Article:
Midwest Fields Many Higher Education Choices

Kirkwood Community College in Cedar Rapids, IA, has packaged training with education to produce a remarkable double play for the fire service. It serves as a training ground for aspiring firefighters and in the process delivers recruits who have earned...


Kirkwood Community College in Cedar Rapids, IA, has packaged training with education to produce a remarkable double play for the fire service. It serves as a training ground for aspiring firefighters and in the process delivers recruits who have earned associate's degrees to enthusiastic local...


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Buckman is the chief of the German Township Volunteer Fire Department in Evansville, past president of the International Association of Fire Chiefs (IAFC) and Presidential appointee to America Burning Revisited. He has 39 years of experience in the fire service.

In Illinois, a variety of community colleges offer two-year fire science degrees based on local needs.

"There about 20 community colleges in the state that offer two-year fire science degrees…and they come and go due to how much demand there is," says Richard Jaehne, director of the Fire Service Institute at the University of Illinois.

"What we and the Illinois Fire Chief's Association run is the Fire Office I and Fire Officer II courses. They are the bread-and-butter of the two-year fire science degree programs. The programs offer a real cocktail of courses, based on local need," Jaehne says. "This is partially due to the nature of community college, which receive funding by local and state budgets. In the 12 years that I have been director, higher education has become more a part of the promotional process. But this includes more than higher education, it involves (more) training, too."

Among state fire science training directors, Jaehne is not alone in observing a growing number of untrained firefighters seeking a degree first. "I see many younger students getting fire science degrees as a means to obtaining a job in the fire service," which, he notes, does not necessarily help. "The training comes first."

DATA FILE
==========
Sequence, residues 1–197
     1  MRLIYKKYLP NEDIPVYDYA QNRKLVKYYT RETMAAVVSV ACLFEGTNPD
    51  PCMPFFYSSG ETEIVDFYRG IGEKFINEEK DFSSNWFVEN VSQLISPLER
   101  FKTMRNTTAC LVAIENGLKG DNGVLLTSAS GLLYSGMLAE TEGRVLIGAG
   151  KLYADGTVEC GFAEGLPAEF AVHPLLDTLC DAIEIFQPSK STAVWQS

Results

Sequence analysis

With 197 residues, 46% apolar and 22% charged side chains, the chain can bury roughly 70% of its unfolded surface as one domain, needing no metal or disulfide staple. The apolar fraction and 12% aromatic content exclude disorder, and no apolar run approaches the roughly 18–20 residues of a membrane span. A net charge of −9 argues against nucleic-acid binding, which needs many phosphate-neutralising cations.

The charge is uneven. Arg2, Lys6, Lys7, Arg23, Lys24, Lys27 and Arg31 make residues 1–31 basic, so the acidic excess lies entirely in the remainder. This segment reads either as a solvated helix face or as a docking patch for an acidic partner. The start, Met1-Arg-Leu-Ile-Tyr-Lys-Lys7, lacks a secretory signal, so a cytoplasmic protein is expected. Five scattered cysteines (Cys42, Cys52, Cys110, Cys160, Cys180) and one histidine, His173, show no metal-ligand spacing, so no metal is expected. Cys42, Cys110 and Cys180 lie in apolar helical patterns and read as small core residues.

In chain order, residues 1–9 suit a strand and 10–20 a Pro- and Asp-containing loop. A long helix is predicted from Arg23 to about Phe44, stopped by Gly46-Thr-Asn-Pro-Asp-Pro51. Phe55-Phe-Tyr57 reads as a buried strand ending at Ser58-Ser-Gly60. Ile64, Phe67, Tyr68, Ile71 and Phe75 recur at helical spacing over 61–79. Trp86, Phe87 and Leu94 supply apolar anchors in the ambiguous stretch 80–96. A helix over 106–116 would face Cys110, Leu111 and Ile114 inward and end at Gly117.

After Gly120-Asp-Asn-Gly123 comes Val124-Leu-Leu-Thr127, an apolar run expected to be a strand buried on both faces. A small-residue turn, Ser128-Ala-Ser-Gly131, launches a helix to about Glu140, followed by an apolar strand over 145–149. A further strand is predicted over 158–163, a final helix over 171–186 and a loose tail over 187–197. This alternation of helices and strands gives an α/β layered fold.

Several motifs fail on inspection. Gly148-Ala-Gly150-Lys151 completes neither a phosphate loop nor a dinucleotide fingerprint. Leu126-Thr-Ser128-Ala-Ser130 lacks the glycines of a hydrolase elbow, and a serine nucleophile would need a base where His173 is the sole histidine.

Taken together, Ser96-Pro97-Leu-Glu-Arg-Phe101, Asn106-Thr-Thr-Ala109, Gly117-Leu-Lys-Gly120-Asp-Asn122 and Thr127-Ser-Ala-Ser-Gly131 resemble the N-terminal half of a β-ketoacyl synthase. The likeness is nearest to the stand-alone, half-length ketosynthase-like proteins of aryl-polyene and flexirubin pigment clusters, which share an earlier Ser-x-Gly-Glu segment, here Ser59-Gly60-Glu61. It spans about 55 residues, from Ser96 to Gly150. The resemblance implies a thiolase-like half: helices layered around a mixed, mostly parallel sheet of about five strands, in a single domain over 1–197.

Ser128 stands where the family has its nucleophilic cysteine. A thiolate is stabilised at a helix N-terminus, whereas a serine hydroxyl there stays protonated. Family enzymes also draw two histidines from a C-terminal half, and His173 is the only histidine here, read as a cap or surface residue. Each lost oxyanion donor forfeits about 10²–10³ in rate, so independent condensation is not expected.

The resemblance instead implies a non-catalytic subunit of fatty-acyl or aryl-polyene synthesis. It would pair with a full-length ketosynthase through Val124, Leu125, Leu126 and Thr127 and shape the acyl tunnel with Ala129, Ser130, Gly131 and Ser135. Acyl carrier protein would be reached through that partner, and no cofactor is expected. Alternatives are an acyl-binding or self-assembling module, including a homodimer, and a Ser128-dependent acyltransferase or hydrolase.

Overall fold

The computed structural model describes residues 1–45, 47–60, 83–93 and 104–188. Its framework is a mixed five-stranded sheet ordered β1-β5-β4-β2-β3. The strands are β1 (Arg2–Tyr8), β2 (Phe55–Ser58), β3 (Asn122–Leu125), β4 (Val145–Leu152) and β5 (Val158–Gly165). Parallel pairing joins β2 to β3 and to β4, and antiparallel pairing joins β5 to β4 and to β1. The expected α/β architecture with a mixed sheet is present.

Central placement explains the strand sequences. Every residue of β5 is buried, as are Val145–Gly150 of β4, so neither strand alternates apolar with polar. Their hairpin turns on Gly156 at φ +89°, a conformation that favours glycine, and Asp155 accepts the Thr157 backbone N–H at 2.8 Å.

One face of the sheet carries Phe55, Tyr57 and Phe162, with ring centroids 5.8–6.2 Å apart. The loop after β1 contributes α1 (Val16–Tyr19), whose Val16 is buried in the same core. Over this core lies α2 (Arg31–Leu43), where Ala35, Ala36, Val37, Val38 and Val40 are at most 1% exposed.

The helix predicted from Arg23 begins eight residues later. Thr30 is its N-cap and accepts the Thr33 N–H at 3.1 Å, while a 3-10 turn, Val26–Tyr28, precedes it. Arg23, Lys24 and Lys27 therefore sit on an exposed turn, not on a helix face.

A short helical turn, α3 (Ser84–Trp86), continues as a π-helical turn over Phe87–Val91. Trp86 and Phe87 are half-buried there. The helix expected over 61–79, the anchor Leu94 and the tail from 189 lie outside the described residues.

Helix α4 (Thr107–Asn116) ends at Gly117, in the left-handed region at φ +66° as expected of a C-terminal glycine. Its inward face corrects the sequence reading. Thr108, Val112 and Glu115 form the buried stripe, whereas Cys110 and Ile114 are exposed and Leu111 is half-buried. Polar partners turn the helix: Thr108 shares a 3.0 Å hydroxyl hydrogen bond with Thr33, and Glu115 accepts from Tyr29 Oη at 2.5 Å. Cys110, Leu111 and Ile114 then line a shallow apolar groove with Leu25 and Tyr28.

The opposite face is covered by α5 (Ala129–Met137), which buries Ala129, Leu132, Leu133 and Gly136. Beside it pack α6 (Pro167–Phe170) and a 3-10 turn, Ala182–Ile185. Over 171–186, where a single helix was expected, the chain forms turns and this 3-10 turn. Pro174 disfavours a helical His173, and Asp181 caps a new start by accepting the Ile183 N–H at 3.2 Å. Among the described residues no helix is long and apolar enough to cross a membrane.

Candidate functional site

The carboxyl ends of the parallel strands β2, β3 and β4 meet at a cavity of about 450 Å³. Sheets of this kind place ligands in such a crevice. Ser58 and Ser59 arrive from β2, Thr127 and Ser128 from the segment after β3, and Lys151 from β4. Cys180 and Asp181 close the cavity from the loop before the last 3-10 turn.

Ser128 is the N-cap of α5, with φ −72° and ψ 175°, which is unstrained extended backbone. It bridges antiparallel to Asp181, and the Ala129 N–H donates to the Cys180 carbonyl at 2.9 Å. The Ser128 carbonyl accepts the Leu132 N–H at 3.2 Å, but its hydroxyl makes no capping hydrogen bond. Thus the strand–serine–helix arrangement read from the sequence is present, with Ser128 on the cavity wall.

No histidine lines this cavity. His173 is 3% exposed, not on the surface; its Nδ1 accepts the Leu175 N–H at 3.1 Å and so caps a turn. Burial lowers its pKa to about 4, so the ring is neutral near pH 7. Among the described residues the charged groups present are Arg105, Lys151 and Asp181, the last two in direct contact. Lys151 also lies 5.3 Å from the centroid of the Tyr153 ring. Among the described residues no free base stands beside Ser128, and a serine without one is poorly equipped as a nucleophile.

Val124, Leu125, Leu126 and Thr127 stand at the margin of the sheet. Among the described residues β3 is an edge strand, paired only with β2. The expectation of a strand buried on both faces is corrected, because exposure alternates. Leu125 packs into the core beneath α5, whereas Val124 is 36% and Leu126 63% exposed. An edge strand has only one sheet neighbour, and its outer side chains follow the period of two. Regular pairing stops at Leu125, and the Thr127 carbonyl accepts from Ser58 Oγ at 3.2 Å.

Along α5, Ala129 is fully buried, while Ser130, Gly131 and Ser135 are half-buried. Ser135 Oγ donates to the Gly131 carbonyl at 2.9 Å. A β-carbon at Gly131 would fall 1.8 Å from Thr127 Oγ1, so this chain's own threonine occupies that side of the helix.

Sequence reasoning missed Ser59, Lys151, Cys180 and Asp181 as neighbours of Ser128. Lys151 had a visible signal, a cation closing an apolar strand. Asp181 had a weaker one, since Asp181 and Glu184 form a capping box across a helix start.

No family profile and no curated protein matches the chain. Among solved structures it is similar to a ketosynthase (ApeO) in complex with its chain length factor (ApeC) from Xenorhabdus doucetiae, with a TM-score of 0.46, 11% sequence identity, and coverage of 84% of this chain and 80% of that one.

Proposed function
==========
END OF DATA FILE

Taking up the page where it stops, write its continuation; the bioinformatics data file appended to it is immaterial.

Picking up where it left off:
Dr. Richard Carter, director of the School of Extended Studies at Western Illinois University (WIU), agrees that the community colleges in the state are "very active at the associate's degree level." His program advances the notion of higher education using the FESHE model curriculum.

"Our baccalaureate program is completely online and we've had facility members participate with designing curriculum in conjunction with the National Fire Academy," he says. One of the strengths of WUI's program is its ease of transition for incoming students. "We have the flexibility to bring students to into the program, even without an associate's degree…just get them going on their core courses as they move into the program," Carter says. The end product is a bachelor of arts in the Board of Trustees Degree Program with two options for certificates in fire administration and management or in fire prevention technology.

The student base is from a handful of states that WIU serves as part of being one of seven institutions offering the FESHE curriculum. "It's a pretty good balance, but by far the largest geographic concentration we have comes from Texas. I believe it's because Texas has the largest population (of states WIU serves), and there has been a lot of good comments from former students for our program. A lot of people have completed it and recommend it to others," he says.

"The reason students want a degree is to enter administrative roles in the fire department or move up the ladder within their departments. But we have people in the military attending" who are looking to increase their career potential, he explains. "The courses are really intense…and they help the student learn skills that help them in their jobs. I think higher education is a growing demand. The bachelor's degree is the benchmark for moving into an administrative role."

"In these courses, which we offer at least once per year, we average 25–28 students per class," Carter says. "It has been a positive experience working with career firefighters. We consider it a service to the community at large…we want to ensure a consistent delivery of curriculum by using the National Fire Academy's FESHE courses. These courses were designed by firefighters for firefighters," he says. The WIU is one of the original Degrees at a Distance schools teaching the FESHE curriculum, he says, with more than 20 years.